Autos have a supply issue that may keep demand and prices in better shape. Fashion & Leather goods are comprised of more affordable luxury, but the aspirational buyers will likely cut back. Either way, Fashion & Leather and Automotive are seen as more vulnerable than the “necessity” categories.
Luxury Watches & Jewelry
Luxury Watches & Jewelry are seen as more likely to experience a medium-level impact in either scenario due to supply shortages plus their high investment value.
Luxury Real Estate
In both a downturn and a recession, luxury Real Estate looks vulnerable to our experts, especially in a recession. This is despite low housing supplies. Experts feel that for affluent cash buyers this may not be as much of a problem, but borrowers at all income levels will think twice as housing carrying costs take up a much larger percentage of their incomes. This is especially true for young affluents.
Home Appliances and Home Furnishings
Consequently, Home Appliances and Home Furnishings are predicted to experience a similar impact, except that working at home office projects, and home renovations, are already underway and will dampen some of the downdrafts.
Finally, Department Stores are seen to be the most vulnerable category, by far. This is likely due to historically high overheads, high inventories, and low margins. Experts also point to the fact that digital multi-brand luxury retailers have proven to be unprofitable even during the best of times.
A Recession Can Create Opportunities
Milton Pedraza, CEO of the Luxury Institute stated:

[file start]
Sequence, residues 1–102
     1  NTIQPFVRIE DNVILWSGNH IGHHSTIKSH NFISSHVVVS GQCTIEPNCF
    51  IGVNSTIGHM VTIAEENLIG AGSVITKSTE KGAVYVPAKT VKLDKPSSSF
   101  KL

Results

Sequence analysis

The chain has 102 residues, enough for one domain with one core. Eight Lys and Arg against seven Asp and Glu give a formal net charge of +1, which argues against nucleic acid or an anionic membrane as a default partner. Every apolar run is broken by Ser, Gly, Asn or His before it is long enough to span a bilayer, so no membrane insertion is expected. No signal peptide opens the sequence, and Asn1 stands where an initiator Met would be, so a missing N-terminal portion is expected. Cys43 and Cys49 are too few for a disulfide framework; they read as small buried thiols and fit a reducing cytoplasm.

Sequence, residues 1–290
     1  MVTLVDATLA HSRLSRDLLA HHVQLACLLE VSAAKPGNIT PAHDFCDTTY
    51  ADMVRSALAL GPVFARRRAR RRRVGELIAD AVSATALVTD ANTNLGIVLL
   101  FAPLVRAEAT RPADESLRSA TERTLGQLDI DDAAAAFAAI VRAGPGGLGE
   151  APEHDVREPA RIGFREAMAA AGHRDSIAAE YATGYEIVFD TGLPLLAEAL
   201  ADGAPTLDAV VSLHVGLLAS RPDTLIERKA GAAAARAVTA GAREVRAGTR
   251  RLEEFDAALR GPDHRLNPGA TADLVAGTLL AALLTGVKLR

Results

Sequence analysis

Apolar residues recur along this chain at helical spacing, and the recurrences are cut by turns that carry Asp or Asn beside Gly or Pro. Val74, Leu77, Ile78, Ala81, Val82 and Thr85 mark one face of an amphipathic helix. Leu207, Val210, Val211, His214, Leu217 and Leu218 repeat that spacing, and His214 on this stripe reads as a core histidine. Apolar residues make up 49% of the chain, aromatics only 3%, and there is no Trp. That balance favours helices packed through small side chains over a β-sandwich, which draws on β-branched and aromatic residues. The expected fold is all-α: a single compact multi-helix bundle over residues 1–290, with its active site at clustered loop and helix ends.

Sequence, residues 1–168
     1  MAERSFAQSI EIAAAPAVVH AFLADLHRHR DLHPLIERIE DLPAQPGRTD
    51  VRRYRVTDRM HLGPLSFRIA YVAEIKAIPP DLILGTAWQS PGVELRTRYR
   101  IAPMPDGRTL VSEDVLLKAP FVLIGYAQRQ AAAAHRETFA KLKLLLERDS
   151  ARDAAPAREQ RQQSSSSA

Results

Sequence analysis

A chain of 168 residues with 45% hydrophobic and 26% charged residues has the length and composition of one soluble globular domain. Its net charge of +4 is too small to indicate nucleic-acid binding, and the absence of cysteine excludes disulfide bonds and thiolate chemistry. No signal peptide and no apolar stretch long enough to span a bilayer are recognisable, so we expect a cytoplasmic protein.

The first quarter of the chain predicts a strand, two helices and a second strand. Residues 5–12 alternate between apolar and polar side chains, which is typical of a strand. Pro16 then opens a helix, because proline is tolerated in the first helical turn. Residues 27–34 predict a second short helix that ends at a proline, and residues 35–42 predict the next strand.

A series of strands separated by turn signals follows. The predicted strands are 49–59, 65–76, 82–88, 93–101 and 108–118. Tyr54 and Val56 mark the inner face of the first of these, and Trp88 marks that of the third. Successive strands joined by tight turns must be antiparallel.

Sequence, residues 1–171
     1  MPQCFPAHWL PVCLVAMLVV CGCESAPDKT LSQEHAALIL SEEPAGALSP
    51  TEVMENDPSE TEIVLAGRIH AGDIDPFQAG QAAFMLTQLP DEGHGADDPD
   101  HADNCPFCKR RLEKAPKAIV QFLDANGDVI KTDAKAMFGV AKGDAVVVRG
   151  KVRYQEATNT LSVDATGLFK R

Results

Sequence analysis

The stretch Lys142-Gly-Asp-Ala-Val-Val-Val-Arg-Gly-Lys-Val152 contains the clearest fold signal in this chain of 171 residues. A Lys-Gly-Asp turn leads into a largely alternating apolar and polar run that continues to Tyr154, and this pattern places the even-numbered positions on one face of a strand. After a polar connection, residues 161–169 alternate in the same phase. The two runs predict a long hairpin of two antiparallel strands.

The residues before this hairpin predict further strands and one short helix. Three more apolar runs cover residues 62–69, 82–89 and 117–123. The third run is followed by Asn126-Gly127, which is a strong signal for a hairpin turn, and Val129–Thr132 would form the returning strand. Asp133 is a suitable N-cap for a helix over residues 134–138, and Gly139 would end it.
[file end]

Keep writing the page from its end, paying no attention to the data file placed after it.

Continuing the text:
We believe in the wisdom of the expert crowd. Our impeccable Global Luxury Expert Network (GLEN) members see an unusually high number of storm clouds gathering on the luxury horizon. In some places, it is already raining. While we cannot control the currents, we can skillfully regulate the sails. We must gauge real consumer sentiment by category, and by brand, and act accordingly to eliminate waste and mobilize to gain share right now. For brands with courage and resources, it is time to take advantage of the confusion and fear by investing for the future. Brands should invest in talent, game-changing innovation, ethically sourced, direct-from-the-customer predictive data and insights, analytics, and very importantly, in recruiting and nurturing emotionally intelligent front-line expertise. Downturns and recessions spawn major opportunities. This may be the worst of times; if you act with courage, skill, and conviction, you can make it the best of times.
About Luxury Institute
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SOURCE Luxury Institute